An MCA lender is going to look at whether you can show that your business is averaging a certain amount in monthly credit card sales over a specified period of time. Different lenders will have different requirements, which can also vary by deal. One example criteria set would require the small business to show an average of $5,000 in monthly credit card sales over the past six months.

Depending on the advance amount sought, the variables of average amount of monthly credit card sales over what period of time will vary. Note the credit card variable being weighed is the average dollar amount, not the number of transactions. So a business such as a construction company, that may have only a few credit card transactions a month, may still qualify if the dollar amount of these transactions meets the average amount requirements.

What could disqualify you from an MCA deal?Having a prior bankruptcy, not currently processing credit card sales or enough in credit card sales, or being in business less than six months.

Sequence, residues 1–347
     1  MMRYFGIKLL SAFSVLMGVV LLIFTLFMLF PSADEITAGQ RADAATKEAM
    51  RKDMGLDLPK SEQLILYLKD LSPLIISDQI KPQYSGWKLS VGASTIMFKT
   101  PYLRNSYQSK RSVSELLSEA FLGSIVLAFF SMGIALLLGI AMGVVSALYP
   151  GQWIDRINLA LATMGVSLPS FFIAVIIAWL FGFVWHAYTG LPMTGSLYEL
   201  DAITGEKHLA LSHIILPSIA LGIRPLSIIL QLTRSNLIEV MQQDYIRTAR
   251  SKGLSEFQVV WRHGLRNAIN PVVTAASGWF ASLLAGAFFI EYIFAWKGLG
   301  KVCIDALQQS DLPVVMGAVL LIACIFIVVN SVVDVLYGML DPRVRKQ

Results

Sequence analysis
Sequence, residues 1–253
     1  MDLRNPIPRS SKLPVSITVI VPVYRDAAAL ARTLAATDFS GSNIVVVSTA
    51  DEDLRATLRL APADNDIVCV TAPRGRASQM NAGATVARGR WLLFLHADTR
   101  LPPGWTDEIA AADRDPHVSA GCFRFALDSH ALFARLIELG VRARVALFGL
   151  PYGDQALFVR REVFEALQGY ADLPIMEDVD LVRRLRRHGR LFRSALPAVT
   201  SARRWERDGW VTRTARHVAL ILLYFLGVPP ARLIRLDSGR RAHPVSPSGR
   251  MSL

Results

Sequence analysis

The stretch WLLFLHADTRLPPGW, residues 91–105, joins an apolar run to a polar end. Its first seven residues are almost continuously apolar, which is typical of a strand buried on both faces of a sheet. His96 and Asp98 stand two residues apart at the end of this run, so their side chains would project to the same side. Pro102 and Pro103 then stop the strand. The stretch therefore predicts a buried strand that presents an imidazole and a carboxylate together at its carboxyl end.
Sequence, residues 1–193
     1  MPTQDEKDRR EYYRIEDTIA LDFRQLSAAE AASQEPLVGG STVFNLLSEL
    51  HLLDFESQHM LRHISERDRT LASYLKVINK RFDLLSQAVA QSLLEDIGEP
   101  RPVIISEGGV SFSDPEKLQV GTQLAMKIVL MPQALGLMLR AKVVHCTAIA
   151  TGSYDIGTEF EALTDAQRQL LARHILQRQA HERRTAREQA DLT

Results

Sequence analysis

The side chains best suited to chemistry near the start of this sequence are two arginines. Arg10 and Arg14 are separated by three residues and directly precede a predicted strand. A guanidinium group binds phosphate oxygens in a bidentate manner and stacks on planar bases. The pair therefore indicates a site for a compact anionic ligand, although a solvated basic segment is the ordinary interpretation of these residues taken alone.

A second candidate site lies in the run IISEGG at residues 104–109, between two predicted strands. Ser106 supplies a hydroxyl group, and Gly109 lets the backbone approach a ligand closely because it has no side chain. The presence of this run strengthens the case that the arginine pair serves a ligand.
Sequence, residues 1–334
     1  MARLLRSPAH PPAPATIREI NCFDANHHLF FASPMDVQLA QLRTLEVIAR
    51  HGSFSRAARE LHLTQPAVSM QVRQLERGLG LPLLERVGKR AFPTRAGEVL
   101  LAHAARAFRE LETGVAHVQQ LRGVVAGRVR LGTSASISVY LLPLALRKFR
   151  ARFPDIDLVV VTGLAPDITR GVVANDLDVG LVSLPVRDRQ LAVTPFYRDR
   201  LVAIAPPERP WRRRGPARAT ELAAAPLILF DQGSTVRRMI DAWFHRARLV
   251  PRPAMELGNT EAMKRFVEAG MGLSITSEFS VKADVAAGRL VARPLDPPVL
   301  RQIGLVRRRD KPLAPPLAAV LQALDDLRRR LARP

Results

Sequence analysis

1. Applying for an Merchant Cash Advance is simple

Small business loans take a long while to process, and require large amounts of paperwork, meetings, and signings. In contrast, an MCA requires much less documentation and takes less time. Because they’re done mostly online, the entire process is streamlined. A business loan application process with a bank can take months. Not helpful if you need money to manage immediate cash flow needs. An MCA application requires minimal paperwork — just what’s needed to verify you meet the credit card transaction requirements.